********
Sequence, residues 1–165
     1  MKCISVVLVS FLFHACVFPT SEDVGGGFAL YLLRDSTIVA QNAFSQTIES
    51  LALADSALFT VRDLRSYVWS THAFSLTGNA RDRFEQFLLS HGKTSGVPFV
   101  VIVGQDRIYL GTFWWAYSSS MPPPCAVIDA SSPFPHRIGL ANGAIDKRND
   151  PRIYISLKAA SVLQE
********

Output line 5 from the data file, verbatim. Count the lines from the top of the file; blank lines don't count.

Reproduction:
   151  PRIYISLKAA SVLQE